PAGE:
We show that the sublinearity hypothesis of some well-known existence results on multipoint Boundary Value Problems (in short BVPs) may allow the existence of infinitely many solutions by using Tietze extension theorem. This is a qualitative result which is of concern in Applied Analysis and can motivate more research on the conditions that ascertain the existence of multiple solutions to sublinear BVPs. The idea of the proof is of independent interest since it shows a constructive way to have ordinary differential equations with multiple solutions.

1. Introduction

BVPs occur in most of the branches of sciences, engineering, and technology, for example, boundary layer theory in fluid mechanics, heat power transmission theory, space technology, and also control and optimization theory. Concretely, BVPs manifest themselves through the modelling of the motion of a particle under the action of a force, the diffusion of heat generated by positive temperature-dependent sources, the distribution of shear deformation in a beam formed by a few lamina of different materials, the deflection of a beam, and the transverse displacement of an elastically imbedded rail to a distributed transverse load, and so forth [1]. In particular higher order linear differential equations subjected to multipoint boundary conditions, of which we are concerned, arise in the modelling of many phenomena of physical or technological nature such as the deflection of a curved beam, the three-layer beam, and the steam supply control slide [2].

Let us base our terminology on those of Degla [3], Elias [4], and Coppel [5]. Let , , and be positive integers such that , and let be real numbers. We will denote by the Levin polynomial defined by and we will deal with disconjugate th-order differential operators on of the formwhere the coefficients are given real-valued continuous functions on ; for instance, . The disconjugacy of the higher order differential linear operator means that every nontrivial solution of the ordinary differential equation has less than zeros counting their multiplicities. This means also that has a Polya factorization; that is, there exist smooth positive functions , , such that where (cf. [5]).

It follows that admits Green’s function associated with the Boundary Value Problems:and so for every , there exists a unique solution of the BPVs: Besides, we will also adopt the notations and for any .

Many authors have proved the existence of at least one nontrivial solution for sublinear Boundary Value Problems that can be transformed to the model problem under various boundary conditions and where is sublinear with respect to uniformly on ; that is, see [3, 68] and the references therein. Some authors have shown the existence of multiple solutions (sometimes by introducing a parameter); see [915] and the references therein. But results about the cases of sublinear Boundary Value Problems of any order with infinitely many solutions are scarce; see [15, 16].

In this paper, using a new basic topological idea in the Theory of Differential Equations, we would like to underline that, under the hypothesis that is sublinear with respect to uniformly on , infinitely many solutions may occur. This will be achieved by starting adequately with infinitely many functions satisfying the boundary condition and by constructing a sublinear (in fact bounded) function for which a sequence of these functions satisfies the Boundary Value Problem:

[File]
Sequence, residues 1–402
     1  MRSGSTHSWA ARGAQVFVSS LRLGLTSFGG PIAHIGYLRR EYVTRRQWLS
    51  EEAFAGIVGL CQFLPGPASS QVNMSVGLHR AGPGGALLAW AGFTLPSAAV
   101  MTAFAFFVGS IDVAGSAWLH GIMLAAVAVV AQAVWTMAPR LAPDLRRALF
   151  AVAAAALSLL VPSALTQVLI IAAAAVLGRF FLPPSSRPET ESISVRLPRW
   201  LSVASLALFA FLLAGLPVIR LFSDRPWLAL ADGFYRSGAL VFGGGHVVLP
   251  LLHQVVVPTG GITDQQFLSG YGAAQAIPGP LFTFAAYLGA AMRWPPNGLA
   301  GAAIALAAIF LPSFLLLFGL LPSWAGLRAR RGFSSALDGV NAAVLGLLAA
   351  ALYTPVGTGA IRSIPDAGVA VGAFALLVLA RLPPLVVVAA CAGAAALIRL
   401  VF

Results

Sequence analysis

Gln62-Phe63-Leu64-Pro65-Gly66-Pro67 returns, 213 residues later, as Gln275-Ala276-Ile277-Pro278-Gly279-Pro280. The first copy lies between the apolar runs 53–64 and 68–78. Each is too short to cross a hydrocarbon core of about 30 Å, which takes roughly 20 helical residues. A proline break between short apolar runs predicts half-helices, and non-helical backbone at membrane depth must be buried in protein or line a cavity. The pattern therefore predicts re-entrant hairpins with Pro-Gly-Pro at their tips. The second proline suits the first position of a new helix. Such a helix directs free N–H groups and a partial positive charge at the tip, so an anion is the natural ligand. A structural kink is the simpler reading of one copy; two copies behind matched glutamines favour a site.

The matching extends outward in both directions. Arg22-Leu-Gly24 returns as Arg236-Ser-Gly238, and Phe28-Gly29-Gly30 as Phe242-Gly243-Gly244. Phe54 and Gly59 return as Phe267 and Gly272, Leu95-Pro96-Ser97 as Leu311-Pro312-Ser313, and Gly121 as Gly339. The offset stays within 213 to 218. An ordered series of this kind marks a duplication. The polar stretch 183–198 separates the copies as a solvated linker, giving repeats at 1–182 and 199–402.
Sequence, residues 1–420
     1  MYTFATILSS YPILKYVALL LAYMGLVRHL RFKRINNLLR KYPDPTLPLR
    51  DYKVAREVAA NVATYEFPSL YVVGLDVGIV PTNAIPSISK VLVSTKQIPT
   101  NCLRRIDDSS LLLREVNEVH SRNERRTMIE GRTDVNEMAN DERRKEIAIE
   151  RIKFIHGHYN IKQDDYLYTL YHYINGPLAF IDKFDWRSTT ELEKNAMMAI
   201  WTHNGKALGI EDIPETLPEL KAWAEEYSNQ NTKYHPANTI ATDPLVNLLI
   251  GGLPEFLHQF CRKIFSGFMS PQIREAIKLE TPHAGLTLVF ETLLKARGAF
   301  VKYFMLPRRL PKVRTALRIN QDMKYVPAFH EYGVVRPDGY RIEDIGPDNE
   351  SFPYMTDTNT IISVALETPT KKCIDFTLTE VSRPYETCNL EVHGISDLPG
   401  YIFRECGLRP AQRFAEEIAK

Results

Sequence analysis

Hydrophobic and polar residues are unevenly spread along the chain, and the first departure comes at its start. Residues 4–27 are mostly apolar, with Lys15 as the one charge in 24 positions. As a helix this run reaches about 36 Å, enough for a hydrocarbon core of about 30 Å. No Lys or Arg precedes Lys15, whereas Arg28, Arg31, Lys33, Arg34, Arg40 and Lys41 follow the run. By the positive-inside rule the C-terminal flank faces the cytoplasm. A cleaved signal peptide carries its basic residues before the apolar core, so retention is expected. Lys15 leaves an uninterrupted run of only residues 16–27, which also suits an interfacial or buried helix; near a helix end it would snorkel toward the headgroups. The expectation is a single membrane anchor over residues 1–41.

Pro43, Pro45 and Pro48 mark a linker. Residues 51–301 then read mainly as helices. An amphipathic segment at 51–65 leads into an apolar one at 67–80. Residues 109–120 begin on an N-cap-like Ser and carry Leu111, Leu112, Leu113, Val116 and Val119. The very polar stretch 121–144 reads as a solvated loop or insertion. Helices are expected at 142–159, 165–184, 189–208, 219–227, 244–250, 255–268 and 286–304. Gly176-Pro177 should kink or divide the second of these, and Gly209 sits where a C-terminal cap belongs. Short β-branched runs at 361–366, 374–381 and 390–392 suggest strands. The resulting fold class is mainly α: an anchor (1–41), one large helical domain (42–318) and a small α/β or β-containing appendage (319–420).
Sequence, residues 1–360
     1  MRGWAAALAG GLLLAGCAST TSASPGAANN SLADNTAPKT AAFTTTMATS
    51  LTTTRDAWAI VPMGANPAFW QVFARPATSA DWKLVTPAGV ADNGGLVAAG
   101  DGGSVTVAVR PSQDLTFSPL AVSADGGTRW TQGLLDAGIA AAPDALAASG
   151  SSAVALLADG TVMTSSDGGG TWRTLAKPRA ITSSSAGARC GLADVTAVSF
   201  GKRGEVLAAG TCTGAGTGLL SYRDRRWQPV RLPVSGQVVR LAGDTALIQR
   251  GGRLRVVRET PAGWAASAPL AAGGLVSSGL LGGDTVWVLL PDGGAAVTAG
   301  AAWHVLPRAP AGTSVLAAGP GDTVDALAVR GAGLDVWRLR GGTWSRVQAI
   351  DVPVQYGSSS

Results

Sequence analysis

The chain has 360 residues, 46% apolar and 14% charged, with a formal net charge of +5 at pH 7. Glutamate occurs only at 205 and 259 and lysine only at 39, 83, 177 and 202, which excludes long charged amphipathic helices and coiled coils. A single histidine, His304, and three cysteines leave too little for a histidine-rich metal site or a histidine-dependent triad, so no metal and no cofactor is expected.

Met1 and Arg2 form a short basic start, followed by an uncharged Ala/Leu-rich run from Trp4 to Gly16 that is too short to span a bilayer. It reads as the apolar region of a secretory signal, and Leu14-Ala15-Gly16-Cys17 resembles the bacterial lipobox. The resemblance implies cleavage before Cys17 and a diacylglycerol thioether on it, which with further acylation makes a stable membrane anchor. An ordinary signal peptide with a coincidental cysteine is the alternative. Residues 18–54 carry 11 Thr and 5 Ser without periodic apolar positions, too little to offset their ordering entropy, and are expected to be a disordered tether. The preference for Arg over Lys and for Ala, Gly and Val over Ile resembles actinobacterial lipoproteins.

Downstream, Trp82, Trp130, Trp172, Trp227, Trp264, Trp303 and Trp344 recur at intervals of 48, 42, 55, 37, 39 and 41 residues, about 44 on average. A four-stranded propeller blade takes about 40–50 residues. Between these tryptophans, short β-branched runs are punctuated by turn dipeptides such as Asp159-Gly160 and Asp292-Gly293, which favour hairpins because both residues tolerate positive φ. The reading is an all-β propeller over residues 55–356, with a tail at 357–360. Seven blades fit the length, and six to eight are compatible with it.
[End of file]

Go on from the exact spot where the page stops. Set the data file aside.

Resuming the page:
2. The Result

We have the following.

Theorem 1. Let be such that everywhere in and satisfy the boundary condition of (4); for example, the unique solution of and , ; .
Moreover let be such that (e.g., the function ).
Then there exist a positive integer and a bounded positive continuous function such that all the functions with satisfy the single nonlinear problem with the boundary condition of (4); that is,

For a proof of this theorem, we will use the following.

Lemma 2 (see [3]). If is disconjugate, then there exists a continuous function positive on with having a positive infimum such thatfor every satisfying the differential inequality and the homogeneous Hermite -point conditions

Proof of Theorem 1. For the sake of simplicity we take to be the solution of and so is -times differentiable with and furthermore, according to the above lemma, we have . Hence by setting , it is clear that is positive on and moreover which implies Now set and
Moreover, choose such that . Thus for all we have, on the one hand, and on the other hand, yielding Moreover let us set Also set Note at once that is the graph of and that, for every , is compact and so is open in .
For in , we haveHenceBesides it is not hard to see that is closed (in fact compact) because every sequence of elements of has a subsequence that is either contained in some fixed (which is compact as the graph of a continuous function on a compact set) or distributed into infinitely many in which case it has an adherent point in .
Therefore by (29), (27), (24), and the continuity of the functions , we have a well-defined and continuous map characterized by the relation But, by the well-known Tietze extension theorem (also known as Tietze-Uryshon-Brouwer theorem) [17, 18], this map has a continuous extension It follows that for every we have completing the proof.

Conflict of Interests

The author declares that there is no conflict of interests regarding the publication of this paper.


The author would like to thank very much the Abdus Salam International Centre for Theoretical Physics (ICTP, Trieste, Italy) for its hospitality during his second visit as a Regular Associate.